Amanda (Howard) Caldwell didn't always want to be a coach.
However, the 2001 Martins Ferry graduate loved swimming so much that she realized during her collegiate days at Youngstown State University what an impact coaches can have on their athletes that she made the decision to try to pursue the profession.
A little more than a week ago, Caldwell continued her climb up the coaching ladder when Rice University formally announced her as the new Owls' chief assistant.
"It's thrilling," Caldwell said via email. "It's been a goal of mine to coach college swimming, so to be in Texas and working with these swimmers at Rice, I'm on a coaching Cloud 9."
Caldwell was encouraged to apply for the position by her husband, Beau, who is also a swimming coach.
"My husband and I were trying to balance our career goals, while being closer to family and friends," Caldwell said. "I have an aunt, some cousins, my sister-in-law and several friends from college all living in the Houston area."
In early April, Caldwell's husband was surfing the Internet and saw the job posting and immediately encouraged her to apply.
"I applied and got a call the next week from the head coach (Seth Huston) for a phone interview," Caldwell recalled.
The next week, Caldwell got a call from Huston again wanting her to fly to Houston for a face-to-face interview.
"I'd done a handful of interviews, but this one was pretty intense with multiple interviews and meeting several members of the athletic department over the course of the 24 hours I was there," Caldwell said. "I had never been to the Rice campus until then, but I loved it as soon as we drove in from the airport."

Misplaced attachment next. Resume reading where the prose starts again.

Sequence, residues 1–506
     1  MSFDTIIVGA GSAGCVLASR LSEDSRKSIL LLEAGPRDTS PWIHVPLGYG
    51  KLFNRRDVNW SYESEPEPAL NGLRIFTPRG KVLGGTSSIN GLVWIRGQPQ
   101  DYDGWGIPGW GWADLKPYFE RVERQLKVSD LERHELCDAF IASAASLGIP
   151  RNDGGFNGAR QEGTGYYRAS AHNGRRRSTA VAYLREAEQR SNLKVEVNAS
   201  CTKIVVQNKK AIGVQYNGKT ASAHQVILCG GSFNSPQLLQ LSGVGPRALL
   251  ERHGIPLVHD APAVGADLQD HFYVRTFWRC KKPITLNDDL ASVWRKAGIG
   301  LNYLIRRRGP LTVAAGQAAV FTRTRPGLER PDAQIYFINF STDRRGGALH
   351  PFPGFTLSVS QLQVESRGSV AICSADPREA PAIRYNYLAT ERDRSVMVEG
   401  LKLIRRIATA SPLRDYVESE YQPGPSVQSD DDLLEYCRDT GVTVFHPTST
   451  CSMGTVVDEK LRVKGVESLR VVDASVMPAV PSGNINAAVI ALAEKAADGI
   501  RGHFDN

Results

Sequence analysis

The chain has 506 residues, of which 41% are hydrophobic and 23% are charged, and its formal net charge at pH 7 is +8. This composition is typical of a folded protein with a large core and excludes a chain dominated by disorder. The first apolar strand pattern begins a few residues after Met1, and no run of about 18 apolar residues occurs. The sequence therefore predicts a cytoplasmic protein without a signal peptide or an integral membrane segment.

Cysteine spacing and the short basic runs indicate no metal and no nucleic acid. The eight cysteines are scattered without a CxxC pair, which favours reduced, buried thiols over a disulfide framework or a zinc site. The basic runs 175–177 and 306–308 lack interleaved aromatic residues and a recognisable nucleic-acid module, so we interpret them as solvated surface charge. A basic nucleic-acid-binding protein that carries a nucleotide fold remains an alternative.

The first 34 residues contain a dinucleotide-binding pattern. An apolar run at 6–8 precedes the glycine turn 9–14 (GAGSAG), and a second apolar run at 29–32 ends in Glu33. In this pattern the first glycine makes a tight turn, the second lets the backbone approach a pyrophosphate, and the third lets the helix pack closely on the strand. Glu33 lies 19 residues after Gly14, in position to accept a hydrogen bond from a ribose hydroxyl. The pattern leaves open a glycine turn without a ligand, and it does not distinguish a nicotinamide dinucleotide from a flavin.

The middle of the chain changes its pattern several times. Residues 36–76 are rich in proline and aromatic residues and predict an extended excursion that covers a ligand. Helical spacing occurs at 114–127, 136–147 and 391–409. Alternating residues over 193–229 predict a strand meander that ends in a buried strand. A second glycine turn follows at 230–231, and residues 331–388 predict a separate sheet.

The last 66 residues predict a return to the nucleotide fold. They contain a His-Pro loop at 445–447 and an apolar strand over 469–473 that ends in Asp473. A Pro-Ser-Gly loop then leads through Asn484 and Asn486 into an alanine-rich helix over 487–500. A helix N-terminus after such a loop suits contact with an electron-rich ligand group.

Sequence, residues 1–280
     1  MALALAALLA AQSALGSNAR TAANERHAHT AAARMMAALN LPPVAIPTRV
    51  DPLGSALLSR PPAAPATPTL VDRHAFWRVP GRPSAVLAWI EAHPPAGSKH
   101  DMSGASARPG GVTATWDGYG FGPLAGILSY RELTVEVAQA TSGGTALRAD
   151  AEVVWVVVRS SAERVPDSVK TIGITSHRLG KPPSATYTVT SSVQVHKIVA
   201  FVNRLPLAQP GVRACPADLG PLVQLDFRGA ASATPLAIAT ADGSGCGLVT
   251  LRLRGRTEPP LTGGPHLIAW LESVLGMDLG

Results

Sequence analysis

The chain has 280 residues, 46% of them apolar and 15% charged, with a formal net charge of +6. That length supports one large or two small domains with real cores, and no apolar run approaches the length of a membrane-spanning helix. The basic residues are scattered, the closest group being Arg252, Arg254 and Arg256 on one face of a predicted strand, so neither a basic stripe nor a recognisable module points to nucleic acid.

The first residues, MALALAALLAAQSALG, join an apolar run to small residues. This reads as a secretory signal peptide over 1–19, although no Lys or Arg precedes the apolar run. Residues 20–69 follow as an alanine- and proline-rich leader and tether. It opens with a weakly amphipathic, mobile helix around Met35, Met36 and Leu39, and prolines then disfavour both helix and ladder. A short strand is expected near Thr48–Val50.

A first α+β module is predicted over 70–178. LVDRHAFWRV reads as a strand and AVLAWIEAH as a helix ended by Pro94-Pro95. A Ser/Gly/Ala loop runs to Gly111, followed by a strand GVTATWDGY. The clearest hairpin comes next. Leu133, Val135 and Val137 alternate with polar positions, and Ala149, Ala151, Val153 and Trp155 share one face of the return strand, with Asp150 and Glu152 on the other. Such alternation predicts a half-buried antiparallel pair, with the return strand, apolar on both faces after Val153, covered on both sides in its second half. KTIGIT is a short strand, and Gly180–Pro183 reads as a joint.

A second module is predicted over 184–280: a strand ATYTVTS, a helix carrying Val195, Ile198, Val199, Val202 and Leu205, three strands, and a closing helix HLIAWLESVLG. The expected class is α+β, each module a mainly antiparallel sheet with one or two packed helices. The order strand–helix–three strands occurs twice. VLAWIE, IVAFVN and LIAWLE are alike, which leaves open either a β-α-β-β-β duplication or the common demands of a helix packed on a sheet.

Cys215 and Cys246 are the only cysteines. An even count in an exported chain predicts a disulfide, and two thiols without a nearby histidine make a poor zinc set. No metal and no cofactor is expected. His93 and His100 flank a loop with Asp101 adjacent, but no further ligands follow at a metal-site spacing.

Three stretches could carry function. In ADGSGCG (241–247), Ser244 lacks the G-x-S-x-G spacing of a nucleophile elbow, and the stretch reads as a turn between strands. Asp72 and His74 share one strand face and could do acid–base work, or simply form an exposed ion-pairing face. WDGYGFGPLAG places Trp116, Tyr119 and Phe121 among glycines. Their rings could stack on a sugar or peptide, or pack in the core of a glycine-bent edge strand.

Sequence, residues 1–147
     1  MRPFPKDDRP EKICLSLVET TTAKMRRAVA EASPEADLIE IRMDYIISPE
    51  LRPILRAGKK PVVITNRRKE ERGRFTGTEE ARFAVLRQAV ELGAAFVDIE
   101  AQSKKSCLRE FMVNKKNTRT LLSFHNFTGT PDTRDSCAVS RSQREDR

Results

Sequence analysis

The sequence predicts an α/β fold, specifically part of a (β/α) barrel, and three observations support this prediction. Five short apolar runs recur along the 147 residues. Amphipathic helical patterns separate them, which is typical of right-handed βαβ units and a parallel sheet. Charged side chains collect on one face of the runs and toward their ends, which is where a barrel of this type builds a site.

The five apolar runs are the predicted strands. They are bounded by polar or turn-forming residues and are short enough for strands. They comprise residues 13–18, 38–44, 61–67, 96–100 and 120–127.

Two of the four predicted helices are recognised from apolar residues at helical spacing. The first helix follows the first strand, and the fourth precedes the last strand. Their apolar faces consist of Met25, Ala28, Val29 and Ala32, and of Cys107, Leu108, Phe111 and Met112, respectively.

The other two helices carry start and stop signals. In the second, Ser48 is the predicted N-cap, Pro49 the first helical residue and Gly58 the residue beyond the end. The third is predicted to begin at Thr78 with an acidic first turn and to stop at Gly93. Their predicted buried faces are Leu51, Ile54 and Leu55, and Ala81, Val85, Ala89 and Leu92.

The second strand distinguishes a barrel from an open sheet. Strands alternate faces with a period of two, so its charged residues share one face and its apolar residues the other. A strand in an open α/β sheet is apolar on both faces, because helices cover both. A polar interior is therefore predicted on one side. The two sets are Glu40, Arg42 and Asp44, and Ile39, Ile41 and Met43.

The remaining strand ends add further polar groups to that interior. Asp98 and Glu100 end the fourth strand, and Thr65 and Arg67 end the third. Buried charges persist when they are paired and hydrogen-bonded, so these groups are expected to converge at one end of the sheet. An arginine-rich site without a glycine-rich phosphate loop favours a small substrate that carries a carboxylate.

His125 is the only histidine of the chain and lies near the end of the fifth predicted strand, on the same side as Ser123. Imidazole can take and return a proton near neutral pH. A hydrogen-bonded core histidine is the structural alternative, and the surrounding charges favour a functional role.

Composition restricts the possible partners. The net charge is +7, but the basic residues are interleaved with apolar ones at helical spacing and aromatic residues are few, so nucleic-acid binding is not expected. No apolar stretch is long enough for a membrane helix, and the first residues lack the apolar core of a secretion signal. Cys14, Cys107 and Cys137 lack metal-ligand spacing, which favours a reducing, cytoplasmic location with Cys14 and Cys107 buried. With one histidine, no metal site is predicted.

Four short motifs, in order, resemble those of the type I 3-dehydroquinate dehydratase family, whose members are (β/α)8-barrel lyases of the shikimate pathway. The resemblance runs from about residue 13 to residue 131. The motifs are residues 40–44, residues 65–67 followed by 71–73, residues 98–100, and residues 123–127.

Caldwell, who is a certified member of the American Swim Coaches Association and United States Swimming, got a taste of collegiate coaching soon after leaving the Youngstown State program when she interned at Lock Haven University in Pennsylvania.
This past season, Caldwell served as a volunteer assistant at Georgia Tech University in Atlanta. She also worked with the Dynamo Swimming Club. Her main duties with the Yellow Jackets were with the distance swimmers, but her new role will deal with all of the strokes and distances.
"Coach Huston and I will share a lot of the duties," Caldwell said. "We're both proficient at teaching each of the four strokes and coaching different distances."
Along with the in-pool work, Caldwell will also work with dryland training, academic progress, NCAA compliance, recruiting, fundraising and community service.
"Academically and athletically, Rice has a similar profile to Georgia Tech," Howard said. "I feel confident that I can make a difference in the Rice program as a full-time coach."
Caldwell has been watching the Olympic Trials with great anticipation. And not just because she's a swimming junkie.
Three of her former distance swimmers at the Georgia Tech qualified for this past week's events in Omaha.
Caldwell, who was a four-year letterman for YSU, also had an internship at the U.S. Olympic Training Center and she's worked numerous swimming camps, including the University of Texas, which is where she met her eventual husband in 2005.
While totally stoked for the opportunity, Caldwell isn't about to rest on her goals of ultimately becoming a head swimming coach at the Division I level. However, she's not looking to rush things, either.
"Ultimately, my goal is to become a head coach, but until then, I am looking forward to helping the Lady Owls in the pool and getting them back to the NCAA Championships," Caldwell said.
Amanda's parents - Jim and Bobbi Howard - still reside in the Ohio Valley.
Staskey can be reached at email@example.com